Dr. James P. Cuda attended the 22nd Annual Meeting of the Florida Aquatic Plant Management Society held in Cocoa Beach, Florida, 12-15 October. Cuda moderated a speaker session and presented a paper coauthored by R. Pereira and M. Broza entitled "Interference of Natural Control of the Aquatic Weed Azolla by the Red Imported Fire Ant".
Squitier, J.M., M. Deyrup, & J.L. Capinera. 1998. A new species of Melanoplus (Orthroptera: Acrididae) from an isolated upland in penninsular Florida. Volume 81 of the September 1998 Florida Entomologist.
Alvarez, J.M. and R. VanDriesche. 1998. Effect of Prey, Sex, Density, and Age on Oviposition of Cybocephalus sp. nr. nipponicus (Coleoptera: Cybocephalidae) a Natural Enemy of Euonymus Scale (Homoptera: Diaspididae). Florida Entomol. 81. 429-437.
As a result of the death of a child in Florida from yellowjacket stings, Dr. Philip Koehler, our urban entomologist, is receiving many calls concerning this group of insects and the high yellowjacket populations Florida is experiencing. He has posted a file to Pest Alert describing this group of insects with advice on preventing stings, removing nests and when to seek medical care. The file includes a color photograph and links to UF/IFAS publications with more detail.
Pest Alert is available on the WWW at: http://entomology.ifas.ufl.edu/pestalert/.
Weissling, T.J. and R.M. Giblin-Davis. Silky cane weevil, Metamasius hemipterus sericeus (Oliver).
Hall, D.W. and J.F. Butler. Goatweed butterfly, Anaea andria Scudder.
Habeck, D.H., and F.D. Bennett. Cactus moth, Cactoblastis cactorum (Berg).
Hall, D.W, J. F. Butler and H.L. Cromroy. Hackberry petiole gall psyllid, Pachypsylla venusta (Osten-Saken).
Cuda, J.P. Hydrilla tip mining midge, Cricotopus lebetis Sublette.
Hall, D.W. and J.F. Butler. Zebra swallowtail, Eurytides marcellus (Cramer).
Denmark, H.A., and H.L. Cromroy. House dust mite, Dermatophagoides spp.
Hall, D.W. and J.F. Butler. Palamedes swallowtail, Papilio palemedes (Drury).
Hall, D.W. and J.F. Butler. Tiger swallowtail, Papilio glaucus L.
To save space in the newsletter, the citations for Featured Creatures are not listed exactly as they should be referenced in a list of authors' publications. The correct, complete citation is: Author(s). (date). Title. UF/IFAS Featured Creatures. EENY-##. URL
Five CEU/Training tutorials authored by Phil Koehler, Tom Fasulo and Norm Nesheim (of the FRE Department) were advertised in the October issue of "Pest Control", a national magazine that serves the urban pest industry. While these tutorials are described in detail in several files on the UF Buggy Software WWW site, we now also provide a single file that not only lists the tutorials, their categories and CEUs, but also now allows users to download and print (in Adobe Acrobat) the Florida CEU "Attendance Form."
The Buggy Software site is at: http://entomology.ifas.ufl.edu/fasulo/pests/software/.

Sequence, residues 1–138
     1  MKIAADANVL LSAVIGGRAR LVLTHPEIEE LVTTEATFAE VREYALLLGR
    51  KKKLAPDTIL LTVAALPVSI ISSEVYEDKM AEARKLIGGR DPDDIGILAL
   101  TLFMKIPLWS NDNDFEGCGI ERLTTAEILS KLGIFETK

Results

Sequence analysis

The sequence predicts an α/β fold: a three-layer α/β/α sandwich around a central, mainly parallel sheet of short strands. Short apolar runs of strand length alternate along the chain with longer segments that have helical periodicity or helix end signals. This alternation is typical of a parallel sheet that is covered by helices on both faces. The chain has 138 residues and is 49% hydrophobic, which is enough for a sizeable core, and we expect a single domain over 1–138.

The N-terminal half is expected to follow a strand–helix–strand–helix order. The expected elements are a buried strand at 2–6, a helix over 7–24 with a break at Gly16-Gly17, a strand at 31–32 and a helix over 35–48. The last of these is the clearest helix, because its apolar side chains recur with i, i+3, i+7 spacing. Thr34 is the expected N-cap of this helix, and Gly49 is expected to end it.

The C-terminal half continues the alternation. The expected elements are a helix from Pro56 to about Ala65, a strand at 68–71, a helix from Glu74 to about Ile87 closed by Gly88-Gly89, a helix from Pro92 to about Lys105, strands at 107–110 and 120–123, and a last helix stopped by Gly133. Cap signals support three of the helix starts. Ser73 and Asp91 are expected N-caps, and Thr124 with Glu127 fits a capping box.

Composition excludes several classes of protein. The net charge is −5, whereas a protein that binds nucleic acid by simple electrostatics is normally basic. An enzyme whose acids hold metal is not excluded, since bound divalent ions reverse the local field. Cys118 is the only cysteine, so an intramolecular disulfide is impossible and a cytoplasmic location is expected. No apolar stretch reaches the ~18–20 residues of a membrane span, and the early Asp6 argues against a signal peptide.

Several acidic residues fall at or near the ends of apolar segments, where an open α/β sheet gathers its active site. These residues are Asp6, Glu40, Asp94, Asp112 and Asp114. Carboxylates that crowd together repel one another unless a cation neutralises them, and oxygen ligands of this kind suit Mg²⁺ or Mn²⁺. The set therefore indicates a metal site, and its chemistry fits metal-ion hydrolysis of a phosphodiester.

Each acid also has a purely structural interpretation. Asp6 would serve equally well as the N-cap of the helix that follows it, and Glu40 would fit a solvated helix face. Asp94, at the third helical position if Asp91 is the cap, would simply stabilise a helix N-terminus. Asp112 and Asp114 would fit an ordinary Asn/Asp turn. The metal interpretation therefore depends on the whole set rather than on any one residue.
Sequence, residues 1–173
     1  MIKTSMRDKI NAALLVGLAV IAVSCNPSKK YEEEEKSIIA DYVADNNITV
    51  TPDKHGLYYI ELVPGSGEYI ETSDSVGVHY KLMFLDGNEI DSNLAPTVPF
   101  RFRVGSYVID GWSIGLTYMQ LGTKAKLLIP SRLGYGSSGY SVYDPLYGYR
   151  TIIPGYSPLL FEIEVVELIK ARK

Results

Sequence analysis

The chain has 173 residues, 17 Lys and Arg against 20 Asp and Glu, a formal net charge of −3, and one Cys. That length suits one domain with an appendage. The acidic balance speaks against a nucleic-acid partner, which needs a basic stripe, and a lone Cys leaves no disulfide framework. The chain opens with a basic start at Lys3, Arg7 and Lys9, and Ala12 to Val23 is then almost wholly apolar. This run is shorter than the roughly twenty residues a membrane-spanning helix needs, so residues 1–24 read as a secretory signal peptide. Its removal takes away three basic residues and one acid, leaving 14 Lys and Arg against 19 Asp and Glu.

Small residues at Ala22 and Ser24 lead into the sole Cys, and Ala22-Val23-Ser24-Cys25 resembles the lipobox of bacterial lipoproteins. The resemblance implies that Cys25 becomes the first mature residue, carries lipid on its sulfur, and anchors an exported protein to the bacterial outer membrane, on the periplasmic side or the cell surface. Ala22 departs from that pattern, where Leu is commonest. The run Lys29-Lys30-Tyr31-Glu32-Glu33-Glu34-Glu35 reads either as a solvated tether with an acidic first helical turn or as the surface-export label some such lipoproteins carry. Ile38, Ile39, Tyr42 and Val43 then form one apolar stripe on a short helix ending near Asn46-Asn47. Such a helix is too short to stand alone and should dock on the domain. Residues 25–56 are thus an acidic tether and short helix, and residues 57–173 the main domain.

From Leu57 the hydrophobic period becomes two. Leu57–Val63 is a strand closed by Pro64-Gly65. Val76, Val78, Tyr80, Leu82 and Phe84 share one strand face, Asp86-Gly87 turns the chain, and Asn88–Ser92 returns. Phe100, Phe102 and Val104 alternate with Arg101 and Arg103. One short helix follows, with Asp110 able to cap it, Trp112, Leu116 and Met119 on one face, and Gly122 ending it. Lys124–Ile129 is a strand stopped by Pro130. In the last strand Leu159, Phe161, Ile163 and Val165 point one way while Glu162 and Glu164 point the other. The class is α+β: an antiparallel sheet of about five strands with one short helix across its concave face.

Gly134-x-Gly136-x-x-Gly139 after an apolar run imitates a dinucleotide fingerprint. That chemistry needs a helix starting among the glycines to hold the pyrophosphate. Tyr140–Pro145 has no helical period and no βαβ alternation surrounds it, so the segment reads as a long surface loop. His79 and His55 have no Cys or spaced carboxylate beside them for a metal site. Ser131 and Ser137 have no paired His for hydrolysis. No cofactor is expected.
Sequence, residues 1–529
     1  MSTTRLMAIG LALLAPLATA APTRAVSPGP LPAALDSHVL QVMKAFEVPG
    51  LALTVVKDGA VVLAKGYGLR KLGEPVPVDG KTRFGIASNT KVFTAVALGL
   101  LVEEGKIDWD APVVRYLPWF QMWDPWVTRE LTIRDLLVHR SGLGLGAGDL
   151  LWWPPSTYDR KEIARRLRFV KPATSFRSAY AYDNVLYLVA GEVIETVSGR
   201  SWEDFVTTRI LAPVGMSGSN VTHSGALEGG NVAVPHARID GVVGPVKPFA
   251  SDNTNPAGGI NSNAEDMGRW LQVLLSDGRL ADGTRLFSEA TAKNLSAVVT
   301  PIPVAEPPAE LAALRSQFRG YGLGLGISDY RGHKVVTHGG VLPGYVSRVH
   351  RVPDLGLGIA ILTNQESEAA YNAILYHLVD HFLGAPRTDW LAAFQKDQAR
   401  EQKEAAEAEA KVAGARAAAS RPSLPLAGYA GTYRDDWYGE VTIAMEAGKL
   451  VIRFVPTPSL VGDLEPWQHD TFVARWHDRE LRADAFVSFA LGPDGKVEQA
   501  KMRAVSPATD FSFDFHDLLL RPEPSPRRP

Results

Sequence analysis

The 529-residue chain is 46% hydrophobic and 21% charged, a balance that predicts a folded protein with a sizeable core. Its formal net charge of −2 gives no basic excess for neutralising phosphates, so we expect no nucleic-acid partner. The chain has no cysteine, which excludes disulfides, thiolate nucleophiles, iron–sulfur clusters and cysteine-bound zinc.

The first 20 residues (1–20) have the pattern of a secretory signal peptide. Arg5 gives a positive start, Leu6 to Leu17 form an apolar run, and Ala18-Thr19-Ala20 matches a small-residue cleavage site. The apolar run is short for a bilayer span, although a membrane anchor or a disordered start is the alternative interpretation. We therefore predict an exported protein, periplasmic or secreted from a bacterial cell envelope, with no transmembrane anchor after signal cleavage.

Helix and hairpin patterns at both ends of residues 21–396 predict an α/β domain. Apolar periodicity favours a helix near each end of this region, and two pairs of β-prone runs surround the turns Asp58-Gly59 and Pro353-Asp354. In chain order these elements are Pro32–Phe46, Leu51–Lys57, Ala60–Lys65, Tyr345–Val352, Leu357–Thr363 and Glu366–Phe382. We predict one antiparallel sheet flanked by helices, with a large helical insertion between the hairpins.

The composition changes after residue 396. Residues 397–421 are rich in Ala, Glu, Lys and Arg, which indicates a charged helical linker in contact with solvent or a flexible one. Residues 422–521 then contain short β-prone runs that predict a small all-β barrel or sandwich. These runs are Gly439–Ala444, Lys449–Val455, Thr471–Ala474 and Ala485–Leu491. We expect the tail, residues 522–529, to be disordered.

A downloadable presentation on IPM for Cockroaches in Schools has been added to the School IPM WWW site at http://schoolipm.ifas.ufl.edu/.
John Foltz asked Tom Fasulo for a smaller logo of the Featured Creatures WWW site that he could place on his Principles of Entomology WWW site. Tom and his crew - Matt Downey and Everett Yang - responded with a series of smaller static and animated GIF files, complete with HTML code, that can be cut and pasted into other WWW files. Visitors to your site can then just click on the graphic to access the other sites. They plan on doing this for most of their WWW sites, but right now only Featured Creatures and School IPM logos are available. Links from the main menus of those sites take you to the Logo WWW site that also includes instructions for cutting and pasting, and even capturing the graphics and changing the HTML code if desired.
The Reading Room (room 2105) contains books and periodicals donated by faculty members. They are available for use by anyone in the department - but only in the Reading Room. This means that they may NOT be removed from the Reading Room - no excuses are accepted. If you really need a photocopy of some item in the Reading Room, then obtain an account on the photocopy machine there. Do NOT borrow the item to read or photocopy somewhere else.
ENTOMOLOGY AND NEMATOLOGY STUDENT ORGANIZATION
Volunteers needed: Our department is constructing a float for the homecoming parade and we need help. Homecoming is Saturday the 14th of November at 11:00 am.
Philip Lake has taken over the Outreach program. The Outreach program is designed to educate children about insects and nematodes. Anyone needing information or would like to volunteer to help should contact him.
A hard copy of this newsletter is given to department members in Building 970 only. All others can obtain an electronic subscription by sending a request to firstname.lastname@example.org and in the text of the message type
subscribe UF-bugnews-L yourfirstname yourlastname
Turn off any signature file, if you have one. You will receive instructions for confirming your subscription and further information on the rules for the list server.
The next newsletter will be published Thursday, November 19. Deadline for contributions is Monday, November 16 University of Florida Entomology and Nematology Newsletter - September 1998
Editor: Michael Patnaude
November 1998. Updated April 2003.